All vans seem kind of sketchy, don’t they? (Photo by Kyle McDonald.)

In New York City’s outer boroughs, there’s an official bus system and a shadow bus system — a network of commuter vans, some legal, some less so, that run simple routes. And, as the Wall Street Journal reports, the shadow bus system dwarfs plenty of official, municipally run bus systems:

[Columbia University urban planning professor David King] estimated that there are 300 legal vans and 400 to 500 illegal ones in the city. Mr. King estimates that 100,000 to 120,000 riders a day take the vans in Queens and Brooklyn, which would make it the 20th largest bus system in the country.

These vans take on routes that the city’s MTA does not — they might go between the New York’s three main Chinatowns, for instance, or straight down the whole length of a major Brooklyn avenue. They also cost marginally less than a bus ride.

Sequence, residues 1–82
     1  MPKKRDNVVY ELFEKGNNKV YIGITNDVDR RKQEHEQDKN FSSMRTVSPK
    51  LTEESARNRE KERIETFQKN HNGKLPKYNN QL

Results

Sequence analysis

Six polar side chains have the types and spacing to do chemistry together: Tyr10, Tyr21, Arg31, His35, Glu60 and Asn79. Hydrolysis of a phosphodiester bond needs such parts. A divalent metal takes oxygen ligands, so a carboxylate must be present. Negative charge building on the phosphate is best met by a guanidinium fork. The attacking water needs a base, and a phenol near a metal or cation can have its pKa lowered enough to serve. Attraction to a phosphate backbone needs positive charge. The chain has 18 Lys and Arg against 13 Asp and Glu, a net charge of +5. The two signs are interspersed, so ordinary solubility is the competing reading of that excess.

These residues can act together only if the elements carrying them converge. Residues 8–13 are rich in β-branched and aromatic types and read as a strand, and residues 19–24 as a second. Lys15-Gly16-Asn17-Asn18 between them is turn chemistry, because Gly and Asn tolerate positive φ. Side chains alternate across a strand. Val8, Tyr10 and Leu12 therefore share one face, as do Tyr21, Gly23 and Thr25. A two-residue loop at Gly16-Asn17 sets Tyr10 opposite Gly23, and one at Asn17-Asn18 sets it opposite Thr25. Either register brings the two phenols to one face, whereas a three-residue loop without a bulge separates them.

The main reason they’re so popular, though: They’re frickin’ fast, perhaps because some operators are willing to take risks on the road that MTA bus drivers are not. Sure, they might make your knuckles turn permanently white, but if you’re getting home in half the time, that crazy driving starts to seem like a feature rather than a problem. If the legal, official bus system wants people to value their lives over getting somewhere 30 minutes faster, well … sorry, guys, it’s New York.

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